What is a ‘Like’ Really Worth?

Instagram, created in 2010, has blown up and developed its on set of courtesy rules.

Instagram, created in 2010, has blown up and developed it’s on set of courtesy rules.

Zoey Becker , Online Opinion Editor

Last night, my best friend hit 1,000 followers on Instagram. This is not really a big deal until you actually think about it: one thousand people actually look at the dumb pictures she posts of her dog.

That’s such a large number of viewers of her daily life. She gets around 300 ‘likes’ on every picture. But what’s a ‘like’ really worth? Do 300 people really like her photo? I don’t think so.

In my opinion, a ‘like’ is a common courtesy. You follow someone, they follow back. You are now forever obligated to ‘like’ each other’s photos. For some people, comments are even more complicated. If you comment on a picture, it means that you genuinely like the photo, you’re just being friendly or you want them to comment on yours.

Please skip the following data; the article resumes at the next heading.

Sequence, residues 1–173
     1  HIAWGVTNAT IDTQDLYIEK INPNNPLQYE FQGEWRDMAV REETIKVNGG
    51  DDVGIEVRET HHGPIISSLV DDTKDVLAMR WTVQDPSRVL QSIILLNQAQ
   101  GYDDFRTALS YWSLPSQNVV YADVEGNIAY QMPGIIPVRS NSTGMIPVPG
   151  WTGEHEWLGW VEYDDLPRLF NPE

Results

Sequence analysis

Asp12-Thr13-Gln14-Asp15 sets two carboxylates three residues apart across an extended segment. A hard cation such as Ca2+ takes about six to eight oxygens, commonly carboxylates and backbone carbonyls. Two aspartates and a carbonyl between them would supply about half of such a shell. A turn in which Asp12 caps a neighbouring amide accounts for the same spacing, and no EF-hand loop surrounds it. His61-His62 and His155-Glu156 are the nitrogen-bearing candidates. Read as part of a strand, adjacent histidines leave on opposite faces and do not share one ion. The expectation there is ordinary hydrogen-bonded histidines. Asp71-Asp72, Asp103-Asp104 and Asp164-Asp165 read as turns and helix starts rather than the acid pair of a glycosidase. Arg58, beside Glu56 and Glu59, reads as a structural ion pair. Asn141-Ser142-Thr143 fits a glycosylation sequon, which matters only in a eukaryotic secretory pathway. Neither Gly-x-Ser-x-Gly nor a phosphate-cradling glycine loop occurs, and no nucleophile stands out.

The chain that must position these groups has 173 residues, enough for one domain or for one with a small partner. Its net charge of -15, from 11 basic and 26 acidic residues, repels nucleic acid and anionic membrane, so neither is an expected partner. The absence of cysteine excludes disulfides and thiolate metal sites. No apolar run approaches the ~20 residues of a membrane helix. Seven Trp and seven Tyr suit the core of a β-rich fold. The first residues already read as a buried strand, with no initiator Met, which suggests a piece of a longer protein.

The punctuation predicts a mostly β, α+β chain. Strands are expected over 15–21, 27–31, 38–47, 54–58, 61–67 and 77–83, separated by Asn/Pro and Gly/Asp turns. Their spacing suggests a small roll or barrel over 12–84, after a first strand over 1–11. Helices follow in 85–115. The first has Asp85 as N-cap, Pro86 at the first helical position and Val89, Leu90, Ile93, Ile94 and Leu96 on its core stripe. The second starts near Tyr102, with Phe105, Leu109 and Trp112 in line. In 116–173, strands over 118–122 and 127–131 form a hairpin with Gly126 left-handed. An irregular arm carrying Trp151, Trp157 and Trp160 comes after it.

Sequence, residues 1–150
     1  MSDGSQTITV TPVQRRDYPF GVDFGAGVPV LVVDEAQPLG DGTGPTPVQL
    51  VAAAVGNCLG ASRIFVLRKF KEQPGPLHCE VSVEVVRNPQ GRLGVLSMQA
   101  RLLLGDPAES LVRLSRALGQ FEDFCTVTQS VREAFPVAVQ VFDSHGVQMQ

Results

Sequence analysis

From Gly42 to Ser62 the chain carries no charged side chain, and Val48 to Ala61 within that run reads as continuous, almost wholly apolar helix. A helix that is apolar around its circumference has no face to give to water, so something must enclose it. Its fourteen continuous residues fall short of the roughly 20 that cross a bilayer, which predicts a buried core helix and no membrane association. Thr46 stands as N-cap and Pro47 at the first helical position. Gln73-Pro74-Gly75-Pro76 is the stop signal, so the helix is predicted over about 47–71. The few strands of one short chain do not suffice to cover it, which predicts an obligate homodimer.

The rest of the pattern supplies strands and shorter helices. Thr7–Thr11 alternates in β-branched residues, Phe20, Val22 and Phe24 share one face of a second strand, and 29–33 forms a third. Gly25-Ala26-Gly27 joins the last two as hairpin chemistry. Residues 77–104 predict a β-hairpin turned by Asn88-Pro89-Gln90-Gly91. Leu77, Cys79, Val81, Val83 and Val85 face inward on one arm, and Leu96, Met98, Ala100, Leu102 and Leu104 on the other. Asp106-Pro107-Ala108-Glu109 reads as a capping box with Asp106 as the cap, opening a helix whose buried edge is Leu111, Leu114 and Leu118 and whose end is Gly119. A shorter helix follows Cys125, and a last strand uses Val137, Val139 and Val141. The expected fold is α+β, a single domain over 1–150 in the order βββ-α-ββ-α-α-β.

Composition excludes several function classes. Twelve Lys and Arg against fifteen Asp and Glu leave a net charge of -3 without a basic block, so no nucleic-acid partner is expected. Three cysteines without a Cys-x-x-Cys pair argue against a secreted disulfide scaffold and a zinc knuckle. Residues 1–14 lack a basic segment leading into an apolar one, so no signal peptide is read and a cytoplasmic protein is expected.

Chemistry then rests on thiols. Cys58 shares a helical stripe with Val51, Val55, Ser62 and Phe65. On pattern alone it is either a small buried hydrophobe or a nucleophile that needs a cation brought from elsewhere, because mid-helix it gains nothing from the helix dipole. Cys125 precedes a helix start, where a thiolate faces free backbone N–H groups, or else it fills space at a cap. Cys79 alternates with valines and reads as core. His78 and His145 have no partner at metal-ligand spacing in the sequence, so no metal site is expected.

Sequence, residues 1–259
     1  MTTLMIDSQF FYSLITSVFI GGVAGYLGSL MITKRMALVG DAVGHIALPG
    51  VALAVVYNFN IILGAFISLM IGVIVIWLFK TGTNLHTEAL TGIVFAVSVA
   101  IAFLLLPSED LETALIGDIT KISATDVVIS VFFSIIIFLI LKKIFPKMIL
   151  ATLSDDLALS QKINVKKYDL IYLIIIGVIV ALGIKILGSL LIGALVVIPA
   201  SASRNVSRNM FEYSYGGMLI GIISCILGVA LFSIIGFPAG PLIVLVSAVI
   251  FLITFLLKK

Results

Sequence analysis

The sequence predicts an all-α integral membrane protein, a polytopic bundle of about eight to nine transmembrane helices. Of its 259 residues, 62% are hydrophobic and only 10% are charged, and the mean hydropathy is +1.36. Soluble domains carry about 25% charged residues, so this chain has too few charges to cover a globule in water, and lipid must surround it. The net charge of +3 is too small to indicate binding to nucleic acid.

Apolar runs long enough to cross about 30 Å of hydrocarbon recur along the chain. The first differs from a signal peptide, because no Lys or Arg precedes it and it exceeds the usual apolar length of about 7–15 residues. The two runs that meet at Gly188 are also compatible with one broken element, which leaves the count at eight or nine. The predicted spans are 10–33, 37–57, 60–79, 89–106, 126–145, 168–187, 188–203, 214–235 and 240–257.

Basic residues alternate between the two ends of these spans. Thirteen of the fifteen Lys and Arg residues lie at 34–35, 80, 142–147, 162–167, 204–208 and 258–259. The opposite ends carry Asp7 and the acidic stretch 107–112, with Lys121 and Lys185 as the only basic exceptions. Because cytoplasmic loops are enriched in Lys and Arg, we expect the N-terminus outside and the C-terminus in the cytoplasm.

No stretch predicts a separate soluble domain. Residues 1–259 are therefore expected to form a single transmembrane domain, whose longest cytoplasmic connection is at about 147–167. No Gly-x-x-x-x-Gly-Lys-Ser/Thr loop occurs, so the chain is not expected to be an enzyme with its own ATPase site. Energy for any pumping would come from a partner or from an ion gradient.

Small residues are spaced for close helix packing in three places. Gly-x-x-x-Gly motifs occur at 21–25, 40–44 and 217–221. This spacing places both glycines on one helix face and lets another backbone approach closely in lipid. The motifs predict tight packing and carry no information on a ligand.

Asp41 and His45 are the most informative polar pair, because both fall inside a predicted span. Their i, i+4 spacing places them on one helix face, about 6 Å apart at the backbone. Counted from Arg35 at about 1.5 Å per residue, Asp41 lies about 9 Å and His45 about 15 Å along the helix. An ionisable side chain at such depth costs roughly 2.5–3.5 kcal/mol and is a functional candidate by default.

The world of Instagram doesn’t need to be so complicated. Before it exploded in the world of “Selfie Sundays” and “Throwback Thursdays”, when not every teenage girl on the planet had 140 photos and 500 followers, a ‘like’ simply meant someone genuinely liked your photo. Now, some people even go so far as to buy ‘likes’ and followers to appear more popular on their profile.

It’s too late now for Instagram to go back to the way it was back when it first came out in 2010, but I still think we should all stop caring about courtesy likes and stop commenting on photos just for a comment back.

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